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Thursday, June 28, 2018

Rice stakeholders highlight importance of creating value-adding activities for rice

In Asia, achieving food security remains an important issue, as the consumption of rice appears to be decreasing in some rice-growing countries, and farmers face increasingly challenging conditions. As rice is a political crop so culturally intertwined with life in Asia, the need for marketing it innovatively through value-adding activities is more relevant than ever.

The International Seminar on Promoting Rice Farmers’ Market through Value-Adding Activities held on June 5–9 at the Kasetsart University gathered rice experts from 11 countries to share  experiences in rice value addition during production, processing, and marketing.

Monday, June 25, 2018

Opening the doors to food security through genomics

The development of Green Super Rice, a new breed of stable, climate-smart, high-yielding varieties, opens up the potential of understanding and using genomics of agroecosystems in responding to the increasingly complex challenges the agricultural sector is facing today.

As the global population continues to increase exponentially each day, so does the demand for rice, a major staple food and livelihood for more than 3.5 billion people. Given the current growth rate, it is expected that global population will reach around 10 billion by 2050. Much of this increase will occur in poor, densely populated regions in Asia and Africa that are already highly dependent on rice for food, nutrition, and livelihood.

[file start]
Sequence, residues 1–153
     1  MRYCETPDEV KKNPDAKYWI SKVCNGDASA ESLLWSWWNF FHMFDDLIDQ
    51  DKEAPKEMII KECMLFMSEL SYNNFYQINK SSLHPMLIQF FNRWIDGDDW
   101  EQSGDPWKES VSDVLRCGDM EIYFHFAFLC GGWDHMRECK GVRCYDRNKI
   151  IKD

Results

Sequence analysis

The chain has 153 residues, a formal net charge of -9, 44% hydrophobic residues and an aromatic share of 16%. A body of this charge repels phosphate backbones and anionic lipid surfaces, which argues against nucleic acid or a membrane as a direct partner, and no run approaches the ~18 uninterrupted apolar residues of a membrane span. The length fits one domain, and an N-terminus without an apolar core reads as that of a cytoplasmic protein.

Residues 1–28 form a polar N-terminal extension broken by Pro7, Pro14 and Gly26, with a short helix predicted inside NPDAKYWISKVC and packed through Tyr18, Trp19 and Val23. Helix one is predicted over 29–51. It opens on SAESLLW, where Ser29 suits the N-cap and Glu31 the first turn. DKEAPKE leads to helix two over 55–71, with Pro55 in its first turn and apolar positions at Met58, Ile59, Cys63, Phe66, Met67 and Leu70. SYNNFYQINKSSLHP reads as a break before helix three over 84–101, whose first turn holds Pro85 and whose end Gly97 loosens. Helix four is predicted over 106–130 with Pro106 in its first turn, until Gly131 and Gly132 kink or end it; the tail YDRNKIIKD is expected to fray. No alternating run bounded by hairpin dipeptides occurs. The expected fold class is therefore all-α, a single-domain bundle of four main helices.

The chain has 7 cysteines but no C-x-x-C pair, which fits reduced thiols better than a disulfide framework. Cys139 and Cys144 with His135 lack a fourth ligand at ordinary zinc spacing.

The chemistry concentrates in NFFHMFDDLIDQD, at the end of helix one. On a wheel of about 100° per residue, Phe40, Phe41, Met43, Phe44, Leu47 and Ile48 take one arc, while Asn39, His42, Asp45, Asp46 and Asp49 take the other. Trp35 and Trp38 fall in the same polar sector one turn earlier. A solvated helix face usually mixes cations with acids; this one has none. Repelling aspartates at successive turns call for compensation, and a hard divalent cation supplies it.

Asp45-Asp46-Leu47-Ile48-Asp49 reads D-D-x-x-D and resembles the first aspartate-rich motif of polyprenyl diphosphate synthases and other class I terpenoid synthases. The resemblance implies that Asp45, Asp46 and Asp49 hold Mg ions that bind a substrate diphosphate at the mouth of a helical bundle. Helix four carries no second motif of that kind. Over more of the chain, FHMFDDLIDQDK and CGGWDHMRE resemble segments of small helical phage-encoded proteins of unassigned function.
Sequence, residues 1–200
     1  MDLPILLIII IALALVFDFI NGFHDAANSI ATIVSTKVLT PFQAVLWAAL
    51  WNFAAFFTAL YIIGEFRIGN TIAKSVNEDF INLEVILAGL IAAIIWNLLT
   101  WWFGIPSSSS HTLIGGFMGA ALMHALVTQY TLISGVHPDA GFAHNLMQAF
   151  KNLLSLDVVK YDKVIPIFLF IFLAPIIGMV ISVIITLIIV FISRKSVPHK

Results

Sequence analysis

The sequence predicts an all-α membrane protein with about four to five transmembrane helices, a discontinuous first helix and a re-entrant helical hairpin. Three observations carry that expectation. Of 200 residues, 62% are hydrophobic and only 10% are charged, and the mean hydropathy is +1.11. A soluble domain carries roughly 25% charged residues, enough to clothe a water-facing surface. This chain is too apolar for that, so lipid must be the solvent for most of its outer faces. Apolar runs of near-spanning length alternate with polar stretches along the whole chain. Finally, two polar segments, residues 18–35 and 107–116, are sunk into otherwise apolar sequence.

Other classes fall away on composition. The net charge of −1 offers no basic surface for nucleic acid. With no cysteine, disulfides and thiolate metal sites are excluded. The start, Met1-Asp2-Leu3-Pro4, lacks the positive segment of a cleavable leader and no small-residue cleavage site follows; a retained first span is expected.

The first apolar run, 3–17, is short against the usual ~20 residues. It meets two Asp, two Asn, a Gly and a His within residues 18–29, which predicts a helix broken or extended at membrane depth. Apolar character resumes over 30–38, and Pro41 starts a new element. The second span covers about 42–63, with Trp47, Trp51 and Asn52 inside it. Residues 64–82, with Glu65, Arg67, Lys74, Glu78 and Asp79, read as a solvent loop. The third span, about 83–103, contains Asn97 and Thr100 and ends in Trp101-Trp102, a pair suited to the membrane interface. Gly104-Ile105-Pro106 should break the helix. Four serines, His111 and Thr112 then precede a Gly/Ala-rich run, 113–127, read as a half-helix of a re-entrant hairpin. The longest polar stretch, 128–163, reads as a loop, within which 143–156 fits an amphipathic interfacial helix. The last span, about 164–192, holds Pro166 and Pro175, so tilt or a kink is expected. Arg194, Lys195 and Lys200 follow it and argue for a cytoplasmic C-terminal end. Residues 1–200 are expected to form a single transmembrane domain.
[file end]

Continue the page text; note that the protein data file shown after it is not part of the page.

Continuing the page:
The article “The Rice Genome Revolution: from an Ancient Grain to Green Super Rice” published in Nature Reviews Genetics discusses how genomes from domesticated and wild rice can be used to improve other breeding programs, making it more responsive to global needs.

Wednesday, June 20, 2018

Stakeholders learn about sustainable rice straw management in Vietnam

Rice straw management remains to be one of Vietnam’s biggest agricultural challenges. On average, 60% of the straw generated from rice production in the country is burned in the field every year. The burning of what amounts to 20 million tons of straw annually is dangerous and not environmentally sustainable because it increases greenhouse gas (GHG) emissions, which leads to environmental pollution. This could cause respiratory problems in humans and emanate a thick cloud of smoke that causes serious vehicle accidents.

To discuss best practices and policy recommendations on sustainable rice straw management, a workshop was organized by the International Rice Research Institute (IRRI) in Hanoi, Vietnam, 05 June 2018. The workshop is aligned with the three-year BMZ-IRRI Straw Management Project, and aimed to present the project’s research outputs on effective rice straw management technologies and practices for improved livelihoods, sustainability, and low environmental footprint in rice-based production systems.

Thursday, June 7, 2018

Increasing farmers’ income through post-harvest technologies and value chain upgrading

IRRI aims to improve the lives of smallholder farmers in Southeast Asia by delivering comprehensive and market-oriented solutions to reduce post-harvest losses, boost farmer income, and increase rice production sustainability.

During the 13th International Rice Conference for Latin America and the Caribbean, IRRI joined fellow global experts in a forum where they shared solutions and approaches to sustainable rice production, such as recent developments in post-harvest technologies and learning alliances.

Nine Asian countries learn novel technologies in Rice Technology Transfer Systems in Asia (RTTS) Training Workshop at RDA in South Korea

Participants of the Rice Technology Transfer Systems in